Subhi was raised in a village outside of Idlib, Syria. In 2012, a militia group associated with Al Qaeda, stormed his town and began terrorizing locals, including the kidnapping and killing of gay men. Unable to stay in school, Subhi’s life at home became increasingly unbearable, as his own father began issuing threats, and later violent outbreaks. Afraid, Subhi fled to Lebanon, then Turkey, where he secured a job at Save the Children. As the war in Syria intensified, so did death threats against Subhi, including ones made by childhood friends affiliated with ISIS.  Subhi was granted refugee status and was resettled in San Francisco in 2015.  That same year, he testified before the United Nations Security Council on a special meeting of LGBTQ persecution in the Middle East.  He was the first openly gay person to testify before the Security Council. Soon after, he founded an organization called Spectra Project to support LGBT refugees in the Middle East. Subhi currently lives in San Francisco where he works as a translator.

Subhi Naha


Junior Mayema grew up in Kinshasa, the capitol of the Democratic Republic of Congo. While studying law at the local university, Junior’s homosexuality became known and he began to feel increasingly targeted and threatened, even by members of his own family. Fleeing to South Africa, Junior volunteered for a refugee rights organization in Capetown. There, he faced continued homophobic name-calling, bullying and police harassment which prompted him to apply for refugee status from the United Nations. The U.N. expedited his case. Shortly after arriving in San Francisco, Junior began participation in UNSETTLED and allowed cameras to follow him for the next four years. Junior has resumed his education at City College in San Francisco where he is training to become a paralegal.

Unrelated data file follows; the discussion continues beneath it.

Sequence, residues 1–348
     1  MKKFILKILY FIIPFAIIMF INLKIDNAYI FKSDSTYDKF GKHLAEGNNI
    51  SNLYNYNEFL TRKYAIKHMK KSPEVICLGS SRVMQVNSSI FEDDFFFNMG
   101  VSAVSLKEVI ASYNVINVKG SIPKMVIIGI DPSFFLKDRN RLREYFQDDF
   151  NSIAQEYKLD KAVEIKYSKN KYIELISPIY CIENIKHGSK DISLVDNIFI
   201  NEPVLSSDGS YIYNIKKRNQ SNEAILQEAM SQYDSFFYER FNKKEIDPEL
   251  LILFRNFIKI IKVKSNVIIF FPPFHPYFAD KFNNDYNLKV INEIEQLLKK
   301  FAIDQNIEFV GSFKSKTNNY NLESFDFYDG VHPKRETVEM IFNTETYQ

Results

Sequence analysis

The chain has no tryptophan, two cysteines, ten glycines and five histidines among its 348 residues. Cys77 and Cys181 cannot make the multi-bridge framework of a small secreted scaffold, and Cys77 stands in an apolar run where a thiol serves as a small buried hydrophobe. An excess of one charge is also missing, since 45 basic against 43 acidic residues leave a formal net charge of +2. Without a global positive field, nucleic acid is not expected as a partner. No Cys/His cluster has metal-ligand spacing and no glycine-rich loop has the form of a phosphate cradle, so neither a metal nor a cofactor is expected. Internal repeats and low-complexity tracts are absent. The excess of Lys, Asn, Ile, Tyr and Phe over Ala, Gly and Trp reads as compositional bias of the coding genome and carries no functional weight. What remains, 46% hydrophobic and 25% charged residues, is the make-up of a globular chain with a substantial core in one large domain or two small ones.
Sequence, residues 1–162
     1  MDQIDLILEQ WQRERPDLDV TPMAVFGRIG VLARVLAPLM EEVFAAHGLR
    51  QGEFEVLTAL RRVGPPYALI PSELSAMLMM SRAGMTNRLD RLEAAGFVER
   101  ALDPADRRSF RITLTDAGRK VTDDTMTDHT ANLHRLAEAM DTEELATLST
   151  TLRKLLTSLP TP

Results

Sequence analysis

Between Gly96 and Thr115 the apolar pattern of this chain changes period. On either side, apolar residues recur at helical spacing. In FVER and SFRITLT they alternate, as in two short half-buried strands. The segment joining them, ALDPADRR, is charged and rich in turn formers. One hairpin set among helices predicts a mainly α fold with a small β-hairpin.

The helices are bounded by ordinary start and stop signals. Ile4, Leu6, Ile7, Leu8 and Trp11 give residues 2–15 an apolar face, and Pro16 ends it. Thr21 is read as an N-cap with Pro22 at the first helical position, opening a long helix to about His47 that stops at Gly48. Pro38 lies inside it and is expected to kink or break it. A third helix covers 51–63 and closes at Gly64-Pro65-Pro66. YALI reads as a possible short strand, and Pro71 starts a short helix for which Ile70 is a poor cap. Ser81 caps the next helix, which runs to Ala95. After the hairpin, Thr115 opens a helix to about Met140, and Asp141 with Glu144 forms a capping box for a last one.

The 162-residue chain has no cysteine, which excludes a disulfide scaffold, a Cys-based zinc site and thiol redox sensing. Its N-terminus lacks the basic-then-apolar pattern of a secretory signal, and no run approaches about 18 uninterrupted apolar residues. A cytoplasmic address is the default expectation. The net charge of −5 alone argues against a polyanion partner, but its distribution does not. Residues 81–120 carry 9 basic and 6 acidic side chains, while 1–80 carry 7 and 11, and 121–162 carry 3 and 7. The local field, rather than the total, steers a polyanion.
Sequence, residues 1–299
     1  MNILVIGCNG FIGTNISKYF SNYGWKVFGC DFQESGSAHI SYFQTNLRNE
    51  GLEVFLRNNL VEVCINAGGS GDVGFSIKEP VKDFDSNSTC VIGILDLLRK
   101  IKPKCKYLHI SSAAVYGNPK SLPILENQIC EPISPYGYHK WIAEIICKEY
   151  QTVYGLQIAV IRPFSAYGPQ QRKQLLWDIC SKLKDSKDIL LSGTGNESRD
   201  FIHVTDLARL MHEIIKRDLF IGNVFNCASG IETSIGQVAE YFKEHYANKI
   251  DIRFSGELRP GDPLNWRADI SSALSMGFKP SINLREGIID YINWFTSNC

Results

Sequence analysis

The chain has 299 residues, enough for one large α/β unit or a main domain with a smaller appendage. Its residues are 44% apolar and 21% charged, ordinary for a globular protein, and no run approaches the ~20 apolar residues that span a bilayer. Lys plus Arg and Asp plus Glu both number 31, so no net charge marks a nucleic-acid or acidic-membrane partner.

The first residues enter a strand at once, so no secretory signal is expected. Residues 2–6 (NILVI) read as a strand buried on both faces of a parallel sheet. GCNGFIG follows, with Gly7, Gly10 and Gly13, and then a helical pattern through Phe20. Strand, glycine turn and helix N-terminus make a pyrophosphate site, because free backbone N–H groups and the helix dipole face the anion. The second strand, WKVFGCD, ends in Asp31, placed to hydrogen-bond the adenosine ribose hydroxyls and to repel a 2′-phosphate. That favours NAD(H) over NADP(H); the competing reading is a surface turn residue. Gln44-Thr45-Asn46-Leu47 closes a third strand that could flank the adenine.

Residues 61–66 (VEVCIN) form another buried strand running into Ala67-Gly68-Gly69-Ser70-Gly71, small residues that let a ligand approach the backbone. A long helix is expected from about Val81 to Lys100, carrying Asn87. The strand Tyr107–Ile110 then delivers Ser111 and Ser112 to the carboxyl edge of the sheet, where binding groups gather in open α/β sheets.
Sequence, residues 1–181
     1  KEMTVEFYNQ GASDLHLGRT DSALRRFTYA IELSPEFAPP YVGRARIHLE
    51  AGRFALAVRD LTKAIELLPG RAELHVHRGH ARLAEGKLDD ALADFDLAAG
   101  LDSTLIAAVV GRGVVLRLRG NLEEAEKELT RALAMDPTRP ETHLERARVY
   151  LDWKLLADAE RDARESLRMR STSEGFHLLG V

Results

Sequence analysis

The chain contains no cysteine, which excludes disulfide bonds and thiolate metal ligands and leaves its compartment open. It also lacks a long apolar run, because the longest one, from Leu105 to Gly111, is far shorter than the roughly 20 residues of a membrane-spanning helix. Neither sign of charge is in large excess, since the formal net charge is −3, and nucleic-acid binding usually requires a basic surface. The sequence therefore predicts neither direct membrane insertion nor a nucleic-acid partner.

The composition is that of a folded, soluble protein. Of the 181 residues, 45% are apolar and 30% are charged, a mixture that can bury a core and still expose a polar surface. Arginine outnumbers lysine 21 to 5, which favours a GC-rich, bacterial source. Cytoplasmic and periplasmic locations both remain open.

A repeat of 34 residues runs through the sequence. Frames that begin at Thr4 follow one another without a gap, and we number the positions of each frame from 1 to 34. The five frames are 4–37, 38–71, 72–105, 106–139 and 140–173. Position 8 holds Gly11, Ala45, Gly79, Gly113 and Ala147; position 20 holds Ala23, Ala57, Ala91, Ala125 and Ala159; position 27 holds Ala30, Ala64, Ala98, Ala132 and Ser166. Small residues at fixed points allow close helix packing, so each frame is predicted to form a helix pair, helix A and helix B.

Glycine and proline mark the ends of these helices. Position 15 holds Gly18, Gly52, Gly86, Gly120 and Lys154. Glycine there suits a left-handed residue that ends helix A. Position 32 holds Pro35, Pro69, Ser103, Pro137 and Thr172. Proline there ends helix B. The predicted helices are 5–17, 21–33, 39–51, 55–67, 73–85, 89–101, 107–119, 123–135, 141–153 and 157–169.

Junior Mayema


Cheyenne and Mari are from Luanda, Angola where they met and fell in love over ten years ago. Working together as musicians, performers, and business entrepreneurs in Angola, they faced intense harassment in their home country: neighbors cut their power, killed their dog and bullied them in public. Fleeing to Capetown, South Africa, they unsuccessfully tried to secure refugee status in that country. After their visas expired, they returned to Angola where a family member attempted to poison their food. Quickly, they were able to secure student visas to the United States and began a three-year adjudication process to apply for asylum in California.